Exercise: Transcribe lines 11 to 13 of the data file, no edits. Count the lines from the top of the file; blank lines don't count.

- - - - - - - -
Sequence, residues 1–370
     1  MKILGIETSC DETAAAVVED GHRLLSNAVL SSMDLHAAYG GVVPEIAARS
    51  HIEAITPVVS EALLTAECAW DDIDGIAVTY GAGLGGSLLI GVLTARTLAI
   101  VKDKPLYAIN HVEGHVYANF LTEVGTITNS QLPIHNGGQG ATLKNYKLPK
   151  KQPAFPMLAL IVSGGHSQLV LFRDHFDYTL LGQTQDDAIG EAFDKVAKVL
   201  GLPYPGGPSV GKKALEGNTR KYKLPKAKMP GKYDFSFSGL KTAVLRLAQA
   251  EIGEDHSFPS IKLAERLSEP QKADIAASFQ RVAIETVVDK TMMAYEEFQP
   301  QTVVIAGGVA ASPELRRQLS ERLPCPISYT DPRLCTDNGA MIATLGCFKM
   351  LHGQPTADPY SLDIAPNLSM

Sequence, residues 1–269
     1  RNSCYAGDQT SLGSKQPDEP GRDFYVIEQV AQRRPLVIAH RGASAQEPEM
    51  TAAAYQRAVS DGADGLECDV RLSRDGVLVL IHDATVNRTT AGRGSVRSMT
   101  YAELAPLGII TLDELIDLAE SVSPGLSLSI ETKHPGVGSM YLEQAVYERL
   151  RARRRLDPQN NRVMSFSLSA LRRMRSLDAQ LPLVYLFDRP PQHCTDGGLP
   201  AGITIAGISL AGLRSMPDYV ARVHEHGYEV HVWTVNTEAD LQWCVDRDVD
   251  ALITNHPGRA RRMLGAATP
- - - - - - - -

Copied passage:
     1  RNSCYAGDQT SLGSKQPDEP GRDFYVIEQV AQRRPLVIAH RGASAQEPEM
    51  TAAAYQRAVS DGADGLECDV RLSRDGVLVL IHDATVNRTT AGRGSVRSMT
   101  YAELAPLGII TLDELIDLAE SVSPGLSLSI ETKHPGVGSM YLEQAVYERL